The world witnessed the International Day for the Elimination of Violence Against Women on 25 November. Celebrating the annual day, the National Council for Women, in cooperation with UN Women, launched a new campaign titled “I am a man”, aiming to raise people’s awareness of women’s rights in Egyptian society.
Through a series of animated videos, the campaign documents social taboos faced by women in Egypt, including that she has the responsibility of house work and raising children.
The campaign was adopted by several public figures, including football star Mohamed Salah, rap singer Zap Tharwat, and presenter Ossama Kamal.
Egypt’s Demographic and Health Survey of 2014 revealed that 30% of married women in Egypt are subjected to domestic violence by their spouses. Meanwhile, UNICEF’s global databases of 2016 stated that 87% of girls and women aged 15 to 49 have undergone female genital mutilation, while 17% of women aged 20-24 were married before the age of 18.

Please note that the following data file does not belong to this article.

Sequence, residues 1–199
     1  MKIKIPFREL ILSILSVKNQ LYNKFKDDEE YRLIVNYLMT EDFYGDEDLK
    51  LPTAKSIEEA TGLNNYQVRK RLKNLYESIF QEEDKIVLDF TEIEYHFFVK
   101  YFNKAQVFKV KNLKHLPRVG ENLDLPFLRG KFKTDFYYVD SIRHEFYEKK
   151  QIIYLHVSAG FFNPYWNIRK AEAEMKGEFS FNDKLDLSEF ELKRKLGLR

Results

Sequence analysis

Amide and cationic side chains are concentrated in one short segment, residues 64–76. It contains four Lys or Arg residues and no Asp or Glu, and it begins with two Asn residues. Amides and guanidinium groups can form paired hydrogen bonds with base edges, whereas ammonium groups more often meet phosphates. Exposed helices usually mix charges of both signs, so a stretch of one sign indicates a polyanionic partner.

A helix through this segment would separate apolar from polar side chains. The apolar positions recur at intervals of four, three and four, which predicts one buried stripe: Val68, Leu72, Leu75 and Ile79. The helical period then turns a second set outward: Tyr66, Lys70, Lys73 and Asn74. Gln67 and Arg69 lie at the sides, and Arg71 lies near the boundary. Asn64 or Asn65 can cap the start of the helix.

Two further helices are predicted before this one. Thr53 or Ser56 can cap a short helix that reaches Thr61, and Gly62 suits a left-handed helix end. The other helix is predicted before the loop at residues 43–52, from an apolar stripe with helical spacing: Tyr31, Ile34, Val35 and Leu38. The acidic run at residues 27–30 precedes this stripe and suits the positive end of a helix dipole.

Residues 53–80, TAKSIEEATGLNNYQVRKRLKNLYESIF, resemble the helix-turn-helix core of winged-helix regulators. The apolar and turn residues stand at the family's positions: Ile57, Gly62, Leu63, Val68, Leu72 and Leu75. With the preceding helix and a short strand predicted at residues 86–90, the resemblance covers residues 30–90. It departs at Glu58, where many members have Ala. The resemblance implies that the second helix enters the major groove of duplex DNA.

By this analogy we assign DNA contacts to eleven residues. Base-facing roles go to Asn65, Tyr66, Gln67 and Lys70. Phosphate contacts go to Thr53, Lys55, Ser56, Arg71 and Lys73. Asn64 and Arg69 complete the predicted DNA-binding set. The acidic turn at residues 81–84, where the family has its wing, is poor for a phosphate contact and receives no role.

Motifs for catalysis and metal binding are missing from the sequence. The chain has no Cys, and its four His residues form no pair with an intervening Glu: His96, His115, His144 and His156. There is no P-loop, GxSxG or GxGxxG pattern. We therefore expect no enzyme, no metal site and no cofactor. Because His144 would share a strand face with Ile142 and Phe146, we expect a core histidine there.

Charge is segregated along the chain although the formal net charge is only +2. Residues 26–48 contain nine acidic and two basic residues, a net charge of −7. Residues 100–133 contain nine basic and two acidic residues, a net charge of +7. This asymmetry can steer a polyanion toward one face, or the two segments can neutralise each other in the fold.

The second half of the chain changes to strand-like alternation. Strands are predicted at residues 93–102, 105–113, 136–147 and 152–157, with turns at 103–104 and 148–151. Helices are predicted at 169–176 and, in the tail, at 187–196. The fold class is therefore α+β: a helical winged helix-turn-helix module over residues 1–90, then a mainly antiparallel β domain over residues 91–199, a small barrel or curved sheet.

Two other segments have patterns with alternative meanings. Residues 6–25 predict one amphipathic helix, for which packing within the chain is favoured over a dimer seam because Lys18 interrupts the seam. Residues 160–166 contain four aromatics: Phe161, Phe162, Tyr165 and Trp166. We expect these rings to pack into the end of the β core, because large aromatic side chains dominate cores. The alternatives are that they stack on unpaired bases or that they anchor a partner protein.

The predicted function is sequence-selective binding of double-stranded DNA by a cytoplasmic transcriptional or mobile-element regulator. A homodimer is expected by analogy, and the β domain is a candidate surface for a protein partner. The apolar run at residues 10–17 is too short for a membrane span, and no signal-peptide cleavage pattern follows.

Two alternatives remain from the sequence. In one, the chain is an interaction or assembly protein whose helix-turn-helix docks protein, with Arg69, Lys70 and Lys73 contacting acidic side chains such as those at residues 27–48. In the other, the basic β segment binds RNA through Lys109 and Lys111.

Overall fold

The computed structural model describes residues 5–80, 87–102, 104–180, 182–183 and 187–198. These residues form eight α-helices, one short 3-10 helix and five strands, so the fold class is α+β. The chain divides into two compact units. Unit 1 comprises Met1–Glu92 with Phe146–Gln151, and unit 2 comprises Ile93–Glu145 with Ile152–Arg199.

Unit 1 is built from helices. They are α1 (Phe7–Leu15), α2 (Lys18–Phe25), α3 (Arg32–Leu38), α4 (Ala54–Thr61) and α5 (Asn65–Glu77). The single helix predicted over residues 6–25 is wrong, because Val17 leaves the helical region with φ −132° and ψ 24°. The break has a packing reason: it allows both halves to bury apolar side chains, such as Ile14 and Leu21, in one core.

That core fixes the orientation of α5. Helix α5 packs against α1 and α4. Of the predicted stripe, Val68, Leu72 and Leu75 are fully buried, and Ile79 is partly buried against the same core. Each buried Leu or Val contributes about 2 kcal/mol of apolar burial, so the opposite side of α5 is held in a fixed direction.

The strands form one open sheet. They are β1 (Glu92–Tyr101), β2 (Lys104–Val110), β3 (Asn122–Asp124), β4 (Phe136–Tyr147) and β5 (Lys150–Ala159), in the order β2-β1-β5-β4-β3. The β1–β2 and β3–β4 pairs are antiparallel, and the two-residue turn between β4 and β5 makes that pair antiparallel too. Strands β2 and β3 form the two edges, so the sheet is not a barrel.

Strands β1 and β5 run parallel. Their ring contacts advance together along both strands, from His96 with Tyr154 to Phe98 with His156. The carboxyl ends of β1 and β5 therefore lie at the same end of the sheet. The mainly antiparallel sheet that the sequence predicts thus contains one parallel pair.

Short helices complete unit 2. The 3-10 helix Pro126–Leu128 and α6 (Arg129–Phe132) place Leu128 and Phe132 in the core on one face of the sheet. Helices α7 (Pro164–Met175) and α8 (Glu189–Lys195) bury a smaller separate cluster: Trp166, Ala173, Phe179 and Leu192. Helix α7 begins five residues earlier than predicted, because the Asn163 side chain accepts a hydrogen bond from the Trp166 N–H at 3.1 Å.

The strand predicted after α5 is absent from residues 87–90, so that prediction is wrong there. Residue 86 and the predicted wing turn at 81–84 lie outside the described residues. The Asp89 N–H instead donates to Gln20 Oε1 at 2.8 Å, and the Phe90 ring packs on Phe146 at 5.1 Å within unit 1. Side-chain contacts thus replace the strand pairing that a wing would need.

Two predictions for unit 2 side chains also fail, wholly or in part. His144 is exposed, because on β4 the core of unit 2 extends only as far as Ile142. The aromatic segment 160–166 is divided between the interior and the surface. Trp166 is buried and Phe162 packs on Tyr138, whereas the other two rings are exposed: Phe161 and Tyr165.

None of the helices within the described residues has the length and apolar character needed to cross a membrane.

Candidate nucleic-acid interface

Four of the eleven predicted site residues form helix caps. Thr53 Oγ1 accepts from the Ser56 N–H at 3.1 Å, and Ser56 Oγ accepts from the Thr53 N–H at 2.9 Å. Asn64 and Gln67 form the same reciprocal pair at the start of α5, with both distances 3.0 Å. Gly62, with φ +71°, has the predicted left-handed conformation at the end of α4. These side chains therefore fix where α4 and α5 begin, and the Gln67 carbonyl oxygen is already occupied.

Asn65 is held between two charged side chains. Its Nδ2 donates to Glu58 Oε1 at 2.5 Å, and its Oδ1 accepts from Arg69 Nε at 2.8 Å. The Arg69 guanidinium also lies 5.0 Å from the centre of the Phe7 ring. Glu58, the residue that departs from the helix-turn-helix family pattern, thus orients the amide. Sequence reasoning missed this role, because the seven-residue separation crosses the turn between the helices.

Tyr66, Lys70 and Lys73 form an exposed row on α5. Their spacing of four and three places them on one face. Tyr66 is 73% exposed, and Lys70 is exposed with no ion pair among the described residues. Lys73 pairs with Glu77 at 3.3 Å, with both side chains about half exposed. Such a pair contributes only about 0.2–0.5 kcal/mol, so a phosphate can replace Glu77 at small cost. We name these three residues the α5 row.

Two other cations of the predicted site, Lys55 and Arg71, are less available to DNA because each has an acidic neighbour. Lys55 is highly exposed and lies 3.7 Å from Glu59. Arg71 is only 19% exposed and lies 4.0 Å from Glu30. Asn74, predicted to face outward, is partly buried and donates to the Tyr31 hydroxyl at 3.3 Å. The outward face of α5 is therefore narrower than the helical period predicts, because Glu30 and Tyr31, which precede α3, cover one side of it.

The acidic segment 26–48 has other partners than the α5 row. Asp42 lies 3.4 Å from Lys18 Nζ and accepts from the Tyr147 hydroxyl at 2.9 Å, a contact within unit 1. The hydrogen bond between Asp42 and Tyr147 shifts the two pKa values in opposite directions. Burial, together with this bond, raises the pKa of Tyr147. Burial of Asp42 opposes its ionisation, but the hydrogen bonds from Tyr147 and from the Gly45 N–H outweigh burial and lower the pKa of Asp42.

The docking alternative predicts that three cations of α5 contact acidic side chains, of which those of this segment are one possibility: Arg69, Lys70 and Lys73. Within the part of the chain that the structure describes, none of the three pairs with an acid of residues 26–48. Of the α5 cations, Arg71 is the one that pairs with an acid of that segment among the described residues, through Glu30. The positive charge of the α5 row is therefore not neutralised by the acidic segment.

On an international scale, UN Secretary General António Guterres stated in a press release that, around the world, more than one in three women have experienced physical and/or sexual violence in their lives, 750 million women were married before age 18, and more than 250 million have undergone female genital mutilation.
“It is now widely recognised that violence against women, including harassment and harmful practices, are major barriers to the fulfillment of human rights and a direct challenge to women’s inclusion and participation in sustaining peace. Without tackling it, we will never fulfill the 2030 Agenda for Sustainable Development,” the statement reads.
The statement also stressed the ways the UN addresses violence, including “the UN Trust Fund to End Violence Against Women, the ‘Spotlight Initiative’ with the European Union to connect our efforts with those of national governments and civil society, and the UN Safe Cities and Safe Public Spaces Global Initiative.”